We're in August, so that means preseason football, pennant races heating up in baseball and enjoying the last days of summer, right?
Yes, but it also means the Little League World Series, and if you're WEEI's Big Show, you have an obligation to devote at the very least, one entire show to decrying the fact that the late stages of the tournament are televised nationally.
At least, they seem to think they do, since every year that I can remember, they've spent at least an entire talking about this, and in some cases, several days.
I don't think the LLWS should be televised simply because outside of friends and family, I don't know who is watching these games. Glenn Ordway, however, has some sort of bee in his bonnet (wow, that was a dated reference) over how showing these games on TV will somehow stunt the players' development as human beings, make other kids feel bad, or (and this was a HUGE leap) lead to cyber-bullying.
Beyond my confusion over Ordway's concerns on this issue, is the issue itself really worthy of a four-hour discussion?
Jim Gray managed to put himself in the news again this week, after a confrontation with Ryder Cup Captain Corey Pavin.
Gray claimed that Pavin had told him that Tiger Woods would be on the team as a Captain's selection, if necessary, while Pavin claimed he had never told Gray that. This led to a face-to-face confrontation in which Pavin said Gray called him "a liar” and said, “You’re going down.”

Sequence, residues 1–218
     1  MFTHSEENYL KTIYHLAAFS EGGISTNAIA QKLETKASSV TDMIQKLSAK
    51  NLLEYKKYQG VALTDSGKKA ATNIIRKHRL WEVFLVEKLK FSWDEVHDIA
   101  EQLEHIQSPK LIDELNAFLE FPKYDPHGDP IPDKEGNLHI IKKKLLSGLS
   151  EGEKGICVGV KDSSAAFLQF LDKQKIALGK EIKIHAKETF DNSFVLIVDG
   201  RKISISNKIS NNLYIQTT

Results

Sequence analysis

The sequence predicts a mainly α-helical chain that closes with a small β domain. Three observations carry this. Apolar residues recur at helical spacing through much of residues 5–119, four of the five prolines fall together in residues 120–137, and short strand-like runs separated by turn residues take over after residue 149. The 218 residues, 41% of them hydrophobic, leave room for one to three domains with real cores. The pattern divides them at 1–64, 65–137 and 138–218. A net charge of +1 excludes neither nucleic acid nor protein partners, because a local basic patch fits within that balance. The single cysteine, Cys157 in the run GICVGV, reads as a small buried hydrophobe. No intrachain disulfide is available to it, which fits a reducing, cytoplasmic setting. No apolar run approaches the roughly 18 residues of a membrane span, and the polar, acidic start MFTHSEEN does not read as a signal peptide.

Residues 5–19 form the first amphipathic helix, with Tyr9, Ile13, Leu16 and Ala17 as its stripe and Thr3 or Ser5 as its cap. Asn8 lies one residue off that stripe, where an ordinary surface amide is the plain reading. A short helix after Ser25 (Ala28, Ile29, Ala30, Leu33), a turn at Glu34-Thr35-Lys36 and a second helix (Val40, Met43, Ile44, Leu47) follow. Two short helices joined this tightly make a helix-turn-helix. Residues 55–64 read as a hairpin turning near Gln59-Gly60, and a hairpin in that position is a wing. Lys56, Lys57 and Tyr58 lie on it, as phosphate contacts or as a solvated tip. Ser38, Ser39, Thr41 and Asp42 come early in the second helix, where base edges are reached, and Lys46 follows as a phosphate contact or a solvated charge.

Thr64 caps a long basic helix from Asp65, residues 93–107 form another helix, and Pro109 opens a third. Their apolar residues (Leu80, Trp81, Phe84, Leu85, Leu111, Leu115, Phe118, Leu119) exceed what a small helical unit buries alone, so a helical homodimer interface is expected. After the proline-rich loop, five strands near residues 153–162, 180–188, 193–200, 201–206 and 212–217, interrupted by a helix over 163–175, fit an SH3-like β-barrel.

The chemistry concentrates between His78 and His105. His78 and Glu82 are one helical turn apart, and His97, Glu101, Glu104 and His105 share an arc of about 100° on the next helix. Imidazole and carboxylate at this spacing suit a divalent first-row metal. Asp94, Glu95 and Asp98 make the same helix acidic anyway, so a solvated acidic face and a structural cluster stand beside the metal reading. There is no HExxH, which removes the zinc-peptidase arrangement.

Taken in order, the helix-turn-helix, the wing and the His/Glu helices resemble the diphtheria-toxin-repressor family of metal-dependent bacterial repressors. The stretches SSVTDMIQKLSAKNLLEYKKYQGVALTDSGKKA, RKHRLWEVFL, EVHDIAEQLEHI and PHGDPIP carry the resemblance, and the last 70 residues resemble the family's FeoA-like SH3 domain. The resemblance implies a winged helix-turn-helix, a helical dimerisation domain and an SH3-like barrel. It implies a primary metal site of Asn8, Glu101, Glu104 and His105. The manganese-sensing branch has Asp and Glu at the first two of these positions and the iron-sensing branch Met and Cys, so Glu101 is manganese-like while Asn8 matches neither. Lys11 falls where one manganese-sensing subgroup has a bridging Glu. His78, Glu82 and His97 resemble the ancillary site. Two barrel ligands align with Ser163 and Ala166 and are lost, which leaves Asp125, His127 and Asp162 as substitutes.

Gray showed once again that he is only about making himself the story, and inserting himself into a situation when he wants the attention. Bob Ryan, on the WEEI morning show this week, reported that it was Gray's idea to host "The Decision" on ESPN with LeBron James. He approached LeBron's people and pitched the idea to them.
Gray has several other similar events in his career, including the unforgettable on-air confrontation with Pete Rose back in 1999.
This was just the latest event in which Gray has attempted (and succeeded) in making himself the story, an unforgivable offense for an allegedly objective journalist.
- The Bob Ryan/Bob Neumeier morning show pairing while filling in for WEEI's Dennis and Callahan wasn't perfect, but I still enjoyed most of it. A nice change of pace from the usual random pairings the station uses to fill vacation time.
- NESN Daily promotes itself as a "provocative sports news debate" and "A Show for Opinionated Sports Fans." Sigh. Isn't there enough "Opinion" and "Debate" in sports coverage already? One problem with these shows in which the hosts take different sides is that one of them usually looks very foolish.
- Does Michael Felger believe half the stuff he spouts on the air?
Tweet of the Week:
From my buddy, Aaron Schatz at Football Outsiders:
That is absolutely a true statement. The media has swarmed the Brady contract situation, making it the top conversation of this camp on radio, TV and in print. Meanwhile, Peyton Manning sits in the exact same situation, with his owner actually saying that he would use the franchise tag on Manning if necessary, something that has not been said by the Patriots ownership.
Yet, how much have you heard about the Manning situation? Not much at all. The Boston media, as is their nature, has been many times more aggressive in making this into a story.
Links Of The Week:
The Boston Globe had a front page story on Monday morning about the sports radio battle in Boston. Shameless Self-Promotion alert -- I am quoted in the piece.
Shockingly candid comments about the sports media world by a fully invested member of it, Dan Le Betard.
Jeff Pearlman of SI.com shows that sportswriters bring out the absolute worst in people.
Bob Ryan writes about his longtime Boston Globe colleague, Jackie MacMullan, who is being honored by the Basketball Hall of fame.